Mali - Teriya Bugu, March 26th - 27th 2008

Published by Mary Crickmore (crwrcwamt AT

Participants: Mary Crickmore


Teriya Bugu, on the banks of the Bani river two hours drive north of Segou, is an affordable retreat and vacation center that was begun by a Catholic priest with a vision for environmentally responsible tourism that would produce economic benefit for local people. The center continues to operate after his death under the management of a Malian Non-Governmental Organization. Teriya Bugu provides employment for a considerable number of Malian families plus schooling for their children. Teriya Bugu advertises their facility as an excellent place for birding. It is good, but most of the species there are also readily seen if one visits Bamako, Mopti, and the Dogon area.

Teriya Bugu runs on mostly solar power and produces much of its own bio-gas for cooking; most of the food served in the dining hall they grow themselves. They also produce their own honey and jam, and a large section of the property is devoted to bee hives and fruit trees. There are large gardens and many kinds of trees, which are watered from the river. Teriya Bugu is located at 13 12’ 31” N, 5 31’ 50” W.

For recreation, there is a swimming pool, basketball court, paddle boats, two horses for riding, and also cultural visits can be organized to local villages. The center keeps giant tortoises and gazelles in some areas of the gardens that are fenced in. They also (unfortunately) keep a pair of crowned cranes and a number of peacocks freely roaming the grounds.

A short walk from the center is an extensive lagoon and a fishing village; this plus the hotel grounds is where I birded. (Be careful in areas by the lagoon bank, where the surface of the mud has dried and formed a crust, but underneath it is the consistency of quicksand.)

The accommodations are clean and basic—beds, mosquito nets, fans, flourescent lights, bathrooms with running water and showers. The week we visited, the hotel ran out of soap, so we purchased some from the vendors who have small stands just outside the gate. The food was basic and healthy (salad, rice or coucous with meat or poultry and vegetables, and fruit).

To get to Teriya Bugu, you can arrange for transoportation from San, Bla, or Segou. If driving from Bamako or Segou: after crossing the Bani river on the large bridge, there are signs indicating that the “Teriya Bugu.” turn-off is approaching. After turning off the paved road, you have a 50 minute drive on dirt tracks through farmland and bush; the road is in places rutted and rough. This would NOT be a good road to try to follow at night, despite the small “TB” signs that indicate what track to take when there are forks in the trail. Teriya Bugu’s telephone is 223-223-10-00; the email is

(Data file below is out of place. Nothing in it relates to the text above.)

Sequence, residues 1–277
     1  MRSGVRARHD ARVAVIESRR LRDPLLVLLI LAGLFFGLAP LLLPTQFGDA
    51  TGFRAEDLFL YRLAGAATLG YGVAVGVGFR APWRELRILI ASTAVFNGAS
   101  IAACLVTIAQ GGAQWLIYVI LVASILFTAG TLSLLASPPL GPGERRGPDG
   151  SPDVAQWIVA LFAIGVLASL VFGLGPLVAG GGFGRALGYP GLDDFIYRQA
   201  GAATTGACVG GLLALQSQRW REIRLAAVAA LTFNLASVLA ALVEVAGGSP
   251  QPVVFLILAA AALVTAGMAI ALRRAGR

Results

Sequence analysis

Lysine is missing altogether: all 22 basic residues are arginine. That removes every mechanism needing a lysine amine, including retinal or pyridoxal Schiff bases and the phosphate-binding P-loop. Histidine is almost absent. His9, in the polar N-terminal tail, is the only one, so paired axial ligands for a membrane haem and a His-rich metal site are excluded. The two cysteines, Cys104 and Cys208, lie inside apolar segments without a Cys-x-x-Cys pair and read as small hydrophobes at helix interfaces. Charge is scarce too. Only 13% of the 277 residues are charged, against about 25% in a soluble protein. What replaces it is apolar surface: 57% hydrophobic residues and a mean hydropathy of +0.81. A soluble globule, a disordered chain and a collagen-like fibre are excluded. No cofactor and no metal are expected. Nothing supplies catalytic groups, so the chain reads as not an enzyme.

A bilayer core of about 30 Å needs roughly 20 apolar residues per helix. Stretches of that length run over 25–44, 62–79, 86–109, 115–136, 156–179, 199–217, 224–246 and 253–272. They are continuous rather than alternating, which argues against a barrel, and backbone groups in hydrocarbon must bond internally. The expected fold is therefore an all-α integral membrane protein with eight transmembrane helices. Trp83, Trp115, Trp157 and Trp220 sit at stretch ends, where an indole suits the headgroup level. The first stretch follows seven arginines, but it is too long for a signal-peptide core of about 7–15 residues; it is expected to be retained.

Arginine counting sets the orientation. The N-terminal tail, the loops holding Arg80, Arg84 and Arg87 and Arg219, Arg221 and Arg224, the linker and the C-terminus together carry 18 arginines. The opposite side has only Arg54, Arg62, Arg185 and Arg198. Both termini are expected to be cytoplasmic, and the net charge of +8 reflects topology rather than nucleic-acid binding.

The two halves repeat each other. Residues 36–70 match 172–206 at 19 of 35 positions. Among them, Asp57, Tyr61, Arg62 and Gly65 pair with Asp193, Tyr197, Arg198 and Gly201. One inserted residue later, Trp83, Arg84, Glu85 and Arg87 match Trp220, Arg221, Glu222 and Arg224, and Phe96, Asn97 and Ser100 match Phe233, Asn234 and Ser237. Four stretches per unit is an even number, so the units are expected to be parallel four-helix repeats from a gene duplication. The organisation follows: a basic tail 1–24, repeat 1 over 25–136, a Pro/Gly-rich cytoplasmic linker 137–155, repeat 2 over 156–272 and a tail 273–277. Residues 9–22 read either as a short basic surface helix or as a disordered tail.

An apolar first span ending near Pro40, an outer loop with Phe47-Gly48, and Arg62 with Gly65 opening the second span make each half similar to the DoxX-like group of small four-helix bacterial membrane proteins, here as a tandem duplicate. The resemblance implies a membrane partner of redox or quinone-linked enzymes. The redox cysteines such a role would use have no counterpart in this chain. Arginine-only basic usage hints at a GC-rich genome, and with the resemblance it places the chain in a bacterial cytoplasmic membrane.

Web address

Species Lists

Phalacrocorax africanus Long-tailed (Reed) Cormorant
Ardea cinerea Grey Heron
probable Ardea purpurea Purple Heron
Egretta alba Great White Egret
Egretta garzetta Little Egret
Ardeola ralloides Common Squacco Heron
Butorides striatus atricapillus Striated (Green-backed) Heron
Scopus umbretta Hamerkop
pandion haliaetus Osprey
Chelictinia rioccourii African Swallow-tailed Kite
heard Ptilopachus petrosus stone partridge
Gallinula chloropus Comon moorhen
Pluvianus aegypticus Egyptian Plover (Crocodile Bird)
Vanellus spinosus Spur-winged Lapwing
from car Vanellus tectus Black-headed Lapwing
Actitis hypoleucos Common Sandpiper
Treron waalia Bruce's Green Pigeon
Columba guinea Speckled Pigeon
Streptopelia decipiens African Mourning Dove
Streptopelia vinacea Vinaceous Dove
Streptopelia semitorquata Red-eyed dove
Streptopelia senegalensis Laughing Dove
Turtur abyssinicus Black-billed Wood Dove
from car Oena capensis Namaqua Dove
Psittacula krameri Rose-ringed Parakeet
Poicephalus senegalus Yellow-bellied (Senegal) Parrot
Crinifer piscator Western Grey Plantain-eater
Centropus senegalensis Senegal Coucal
from car Glaucidium perlatum Pearl-spotted Owlet
Cypsiurus parvus African Palm Swift
Apus apus Common swift
Ceryle rudis Pied Kingfisher
Merops pusillus Little bee-eater
Merops orientalis Little Green Bee-eater
Coracias abyssinicus Abyssinian Roller
Tockus erythrorhynchus Red-billed Hornbill
Pogoniulus chrysoconus Yellow-fronted Tinkerbird
Heard Indicator indicator Greater honeyguide
Hirundo lucida Red-chested Swallow
Motacilla flava flava Blue-headed Yellow Wagtail
Pycnonotus barbatus Common Bulbul
Cossypha albicapilla White crowned robin chat
Hippolais [Acrocephalus] (pallida) opaca Western Olivaceous Warbler
Camaroptera brachyura Grey-backed camaroptera
Phylloscopus sibilatrix Wood Warbler
probable Phylloscopus trochilus Willow Warbler
Phylloscopus collybita Chiffchaff
Acrocephalus scirpaceus Reed warbler
Melaenornis edolioides Northern Black Flycatcher
Turdoides plebejus Brown Babbler
Turdoides reinwardtii Blackcap Babbler
Zosterops senegalensis African Yellow White-eye
Cinnyris pulchella Beautiful Sunbird
Dryoscopus gambensis Northern Puffback
Laniarus barbarus Yellow-crowned Gonolek
from car Corvinella corvina Yellow-billled Shrike
Ptilostomus afer Piacpiac
Lamprotornis caudatus Long-tailed Glossy Starling
from car Lamprotornis [Spreo] pulcher Chestnut-bellied Starling
ploceus melanocephalus Black-headed weaver
Ploceus cucullatus Village Weaver
from car Bubalornis albirostris Buffalo weaver
Lagonosticta senegala Red-billed Firefinch
Vidua … Whydah sp. -juvenile